Togo condemns pre-poll violence

Togo's government has described clashes ahead of next weekend's presidential elections as deliberate provocation by the opposition.

    The West African country will elect a new president on 24 April

    Interior Minister Akila Esso Boko said about 50 people were injured in weekend fighting, including members of the security forces.
     
    Communications Minister Pitang Tchalla said earlier that "several people" had been hurt in scuffles between members of the ruling Togolese People's Rally (RPT) and the opposition, but said the iinterior ministry had reported no deaths on either side.
      
    Vehicles belonging to security forces have been damaged, according to the interior ministry, which said demonstrators had carried hunting rifles, knives, nail-studded clubs, stones and sticks. 

    Rising tensions
      
    Violence and tension in the small west African country have mounted since the death on 5 February of head of state Gnassingbe Eyadema, an autocratic ruler who had been in power since 1967.

    Eyadema died in early February,
    sparking political crisis in Togo


      
    Eyadema was considered by his domestic opposition as an electoral cheat, but still recognised as the doyen of African presidents.
      
    The army and the ruling party moved swiftly to have one of his sons, financier Faure Gnassingbe, made president by changing the constitution, but backed down weeks later under international pressure and opened the way to Sunday's polls.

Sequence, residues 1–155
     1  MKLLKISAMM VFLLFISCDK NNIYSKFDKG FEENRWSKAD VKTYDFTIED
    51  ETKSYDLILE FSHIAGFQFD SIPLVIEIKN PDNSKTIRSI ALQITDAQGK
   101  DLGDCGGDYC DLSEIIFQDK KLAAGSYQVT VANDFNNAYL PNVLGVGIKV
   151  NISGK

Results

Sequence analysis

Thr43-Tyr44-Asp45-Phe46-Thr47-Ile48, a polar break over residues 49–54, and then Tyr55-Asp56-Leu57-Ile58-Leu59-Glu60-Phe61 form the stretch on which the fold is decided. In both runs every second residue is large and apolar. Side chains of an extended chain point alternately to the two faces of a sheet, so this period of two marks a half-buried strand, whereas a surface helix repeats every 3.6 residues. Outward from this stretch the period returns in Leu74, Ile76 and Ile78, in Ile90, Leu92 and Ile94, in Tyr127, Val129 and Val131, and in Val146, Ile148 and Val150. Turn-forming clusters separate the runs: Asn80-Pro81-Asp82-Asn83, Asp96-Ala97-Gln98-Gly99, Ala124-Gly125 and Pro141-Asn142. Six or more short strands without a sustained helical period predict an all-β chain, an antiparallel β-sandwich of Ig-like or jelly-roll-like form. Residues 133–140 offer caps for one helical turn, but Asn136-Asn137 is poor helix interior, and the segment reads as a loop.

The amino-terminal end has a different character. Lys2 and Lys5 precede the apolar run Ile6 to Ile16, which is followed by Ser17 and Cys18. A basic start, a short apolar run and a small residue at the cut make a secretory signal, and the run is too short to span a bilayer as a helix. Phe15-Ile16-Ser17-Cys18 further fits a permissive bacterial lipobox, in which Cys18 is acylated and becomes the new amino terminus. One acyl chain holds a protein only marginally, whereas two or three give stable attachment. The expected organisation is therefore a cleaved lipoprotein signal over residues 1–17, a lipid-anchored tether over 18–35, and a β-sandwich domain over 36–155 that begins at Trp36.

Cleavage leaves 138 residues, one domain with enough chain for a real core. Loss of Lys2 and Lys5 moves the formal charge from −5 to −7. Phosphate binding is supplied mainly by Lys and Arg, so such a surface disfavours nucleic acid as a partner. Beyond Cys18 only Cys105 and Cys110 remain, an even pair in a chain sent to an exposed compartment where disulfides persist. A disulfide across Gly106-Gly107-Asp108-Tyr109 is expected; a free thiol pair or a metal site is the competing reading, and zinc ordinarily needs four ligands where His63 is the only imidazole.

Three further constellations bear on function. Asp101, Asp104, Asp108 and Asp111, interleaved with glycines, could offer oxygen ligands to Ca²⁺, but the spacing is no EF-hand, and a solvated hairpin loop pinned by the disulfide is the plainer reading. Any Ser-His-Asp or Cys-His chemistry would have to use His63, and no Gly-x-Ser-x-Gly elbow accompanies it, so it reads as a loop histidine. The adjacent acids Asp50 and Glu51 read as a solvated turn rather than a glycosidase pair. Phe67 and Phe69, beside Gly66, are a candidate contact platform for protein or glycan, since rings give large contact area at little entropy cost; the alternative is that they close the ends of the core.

A human rights group, close to the government, has said that when serious clashes broke out on Saturday between supporters of rival political parties, six RPT supporters were killed and about 100 injured, basing the toll on reports from health centres. 

    Opposition claim
      
    The coordinator of the main opposition coalition, Yawovi Agboyibo, said one activist on their side was killed and 55 wounded in the violence.
      
    Tchalla, who is also government spokesman, on Monday blamed the opposition - which largely contends 24 April is far too early a date to organise a fair poll - for the weekend violence.
      
    "They were deliberate acts of provocation that coalition leaders should openly condemn if they don't want to give credence to the notion of a plot," Tchalla said.

    SOURCE: Agencies


    YOU MIGHT ALSO LIKE

    Survivor stories from Super Typhoon Haiyan

    Survivor stories from Super Typhoon Haiyan

    The Philippines’ Typhoon Haiyan was the strongest storm ever to make landfall. Five years on, we revisit this story.

    How Moscow lost Riyadh in 1938

    How Moscow lost Riyadh in 1938

    Russian-Saudi relations could be very different today, if Stalin hadn't killed the Soviet ambassador to Saudi Arabia.

    We Are Still Here: A Story from Native Alaska

    We Are Still Here: A Story from Native Alaska

    From Qatar to Alaska, a personal journey exploring what it means to belong when your culture is endangered.